Has Cloud Killed Colocation?-A Whitepaper by Virtual Internet

Colocation and cloud computing are in many ways synergistic saviors for an IT department wishing to attain economies of scale, increased agility, a reduction in complexity and additional cost savings.

While virtual dedicated servers are without doubt the future direction of the industry, colocation still occupies an important place at the table for a hands-on IT team.

Both collocation and cloud computing reflects an ongoing theme that began in the 1990s with the birth of the Internet: The continued outsourcing of complex IT operations to more sophisticated 3rd party service providers.

This trend has accelerated in the 21st century with most of the attention focused on the tremendous advancements in virtualized technology offered through cloud packages such as VMware and Xen Sandbox enterprise servers (both offered by Virtual Internet).

However, it would be mistake to surmise that colocation has no role to play as the march towards virtualisation continues (projected to account for 80% of all computing provisioned through the Internet by the year 2020).1

In fact, a recent survey of IT departments revealed that only 51% of respondents use virtualisation within their in-house IT infrastructure, and only 32 percent use it in colocated servers. As many as 57 percent of respondents, said they did not believe that virtualisation would significantly reduce their data center footprint.2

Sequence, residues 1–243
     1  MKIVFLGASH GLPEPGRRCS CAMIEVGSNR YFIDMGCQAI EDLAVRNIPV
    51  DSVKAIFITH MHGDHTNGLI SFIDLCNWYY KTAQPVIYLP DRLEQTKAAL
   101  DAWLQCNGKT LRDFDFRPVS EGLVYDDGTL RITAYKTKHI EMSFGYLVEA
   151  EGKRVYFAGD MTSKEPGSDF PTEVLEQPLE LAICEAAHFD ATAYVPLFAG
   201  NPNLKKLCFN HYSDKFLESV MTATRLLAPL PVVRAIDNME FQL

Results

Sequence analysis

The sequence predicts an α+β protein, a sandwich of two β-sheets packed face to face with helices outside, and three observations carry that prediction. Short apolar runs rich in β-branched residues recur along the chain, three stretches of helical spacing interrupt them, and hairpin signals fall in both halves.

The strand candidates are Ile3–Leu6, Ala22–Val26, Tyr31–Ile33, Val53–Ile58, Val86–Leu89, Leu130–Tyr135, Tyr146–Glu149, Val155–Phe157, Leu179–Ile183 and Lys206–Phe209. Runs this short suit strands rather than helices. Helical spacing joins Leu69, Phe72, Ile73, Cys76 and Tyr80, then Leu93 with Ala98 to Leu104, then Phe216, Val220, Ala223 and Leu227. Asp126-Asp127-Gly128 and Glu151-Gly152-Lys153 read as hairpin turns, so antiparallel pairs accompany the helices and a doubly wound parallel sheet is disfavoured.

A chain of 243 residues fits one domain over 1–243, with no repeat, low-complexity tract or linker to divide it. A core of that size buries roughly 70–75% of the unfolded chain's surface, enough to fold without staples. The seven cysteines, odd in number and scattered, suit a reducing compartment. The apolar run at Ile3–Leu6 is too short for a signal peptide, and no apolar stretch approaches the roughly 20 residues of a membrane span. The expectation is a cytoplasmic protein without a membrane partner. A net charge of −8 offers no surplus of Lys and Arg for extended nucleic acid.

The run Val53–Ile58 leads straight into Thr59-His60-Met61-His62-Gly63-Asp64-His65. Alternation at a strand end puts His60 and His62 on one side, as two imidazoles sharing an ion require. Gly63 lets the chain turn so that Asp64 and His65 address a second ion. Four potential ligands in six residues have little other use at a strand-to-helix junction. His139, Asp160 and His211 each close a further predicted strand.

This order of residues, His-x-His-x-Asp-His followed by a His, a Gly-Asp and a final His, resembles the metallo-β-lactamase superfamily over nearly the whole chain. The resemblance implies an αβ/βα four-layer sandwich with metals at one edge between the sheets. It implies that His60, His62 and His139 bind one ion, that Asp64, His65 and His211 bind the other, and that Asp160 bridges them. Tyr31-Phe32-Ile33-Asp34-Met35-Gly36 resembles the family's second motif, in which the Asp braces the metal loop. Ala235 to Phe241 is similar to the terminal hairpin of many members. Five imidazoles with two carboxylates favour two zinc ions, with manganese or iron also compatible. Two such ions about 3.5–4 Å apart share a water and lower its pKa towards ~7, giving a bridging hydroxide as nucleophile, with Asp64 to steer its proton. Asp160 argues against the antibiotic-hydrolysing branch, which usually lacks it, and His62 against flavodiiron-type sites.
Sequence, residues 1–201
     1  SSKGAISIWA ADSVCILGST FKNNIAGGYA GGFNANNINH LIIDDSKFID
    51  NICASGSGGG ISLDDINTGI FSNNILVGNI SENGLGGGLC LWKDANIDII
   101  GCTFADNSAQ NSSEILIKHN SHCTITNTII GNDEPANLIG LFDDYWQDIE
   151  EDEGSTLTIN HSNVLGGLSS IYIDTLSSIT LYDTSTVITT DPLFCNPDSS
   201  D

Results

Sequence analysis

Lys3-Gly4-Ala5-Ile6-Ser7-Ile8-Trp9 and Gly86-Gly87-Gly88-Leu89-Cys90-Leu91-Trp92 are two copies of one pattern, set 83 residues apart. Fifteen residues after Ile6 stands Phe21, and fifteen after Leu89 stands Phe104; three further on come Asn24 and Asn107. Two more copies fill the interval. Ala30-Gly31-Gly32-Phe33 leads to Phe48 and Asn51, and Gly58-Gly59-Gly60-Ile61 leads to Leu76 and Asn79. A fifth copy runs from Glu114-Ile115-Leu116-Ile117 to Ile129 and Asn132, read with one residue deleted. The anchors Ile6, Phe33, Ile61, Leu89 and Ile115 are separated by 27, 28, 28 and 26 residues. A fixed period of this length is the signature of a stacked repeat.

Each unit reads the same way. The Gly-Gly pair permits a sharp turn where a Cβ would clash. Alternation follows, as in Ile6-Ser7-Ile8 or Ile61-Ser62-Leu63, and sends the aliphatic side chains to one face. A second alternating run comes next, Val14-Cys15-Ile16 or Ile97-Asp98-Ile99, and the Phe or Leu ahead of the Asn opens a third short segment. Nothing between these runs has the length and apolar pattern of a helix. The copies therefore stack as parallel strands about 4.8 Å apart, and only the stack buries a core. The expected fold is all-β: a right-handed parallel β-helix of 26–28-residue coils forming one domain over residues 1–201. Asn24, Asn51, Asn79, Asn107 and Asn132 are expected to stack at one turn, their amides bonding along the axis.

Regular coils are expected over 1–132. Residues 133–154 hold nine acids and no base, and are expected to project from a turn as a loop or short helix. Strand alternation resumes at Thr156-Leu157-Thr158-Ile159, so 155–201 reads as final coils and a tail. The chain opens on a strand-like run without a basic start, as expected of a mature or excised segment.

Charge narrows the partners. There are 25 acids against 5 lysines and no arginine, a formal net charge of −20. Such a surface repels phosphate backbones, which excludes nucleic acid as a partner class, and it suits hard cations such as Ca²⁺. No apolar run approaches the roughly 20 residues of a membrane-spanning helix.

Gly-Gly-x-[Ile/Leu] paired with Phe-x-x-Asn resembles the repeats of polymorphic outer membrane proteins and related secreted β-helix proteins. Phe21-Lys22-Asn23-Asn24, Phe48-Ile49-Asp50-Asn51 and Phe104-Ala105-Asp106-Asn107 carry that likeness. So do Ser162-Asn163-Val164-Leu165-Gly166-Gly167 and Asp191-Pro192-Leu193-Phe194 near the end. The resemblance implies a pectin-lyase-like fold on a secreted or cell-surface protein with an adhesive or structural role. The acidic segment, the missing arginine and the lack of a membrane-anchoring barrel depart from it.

Another study indicates that 83% of respondents are planning data center expansions through 2011. Increasingly, IT organizations are looking to third party suppliers with flexible financing strategies as a means to supplement their own aging datacenters.3

To fully understand the advantages of colocation in relation to cloud computing it’s essential to examine the full range of hosting options available to an IT department (including virtual dedicated servers offered by Virtual Internet).4

Shared hosting

In this configuration, the company website is one of many on a single server sharing a common pool of resources. Cheaper costs come at the expense of security and stability.

Traditional Virtual Private Server (VPS)

This basic virtualized environment divides a single server into multiple servers without directly impacting the hardware. Users typically do not have root access. It’s more flexible and secure than a shared package but growth is restricted since resources are limited.

Dedicated server

In this scenario, the company has almost complete control over the hardware, including ownership. The user engages the server through remote FTP access, VPN and/or RDP.  All resources are dedicated but entry costs are higher and redundancy requires extra investment.

Traditional Colocation

Colocation allows a business to outsource only the support infrastructure of a data center — heating, cooling, site security, connectivity, and so fourth, while maintaining company-owned servers. This offshoring of technology to a provider reduces both cost and complexity.

Managed Colocation

A variation of traditional colocation is something called managed colocation, which removes the burden of managing the infrastructure. The user remotely manages and administers the environment, including the networking devices, monitoring tools, and the operating system, giving some measure of control. Managed Colocation typically offers greater value than traditional colocation or on-premise solutions.

Cloud computing and Virtual Dedicated Servers (VPS)

Cloud hosting is a style of computing where scalable and elastic IT-related capabilities are provided as a service to customers using Internet technologies.5

The cloud model offers the entry-level pricing of shared hosting, the flexibility of VPS and the resource guarantees of a dedicated server or colocation model.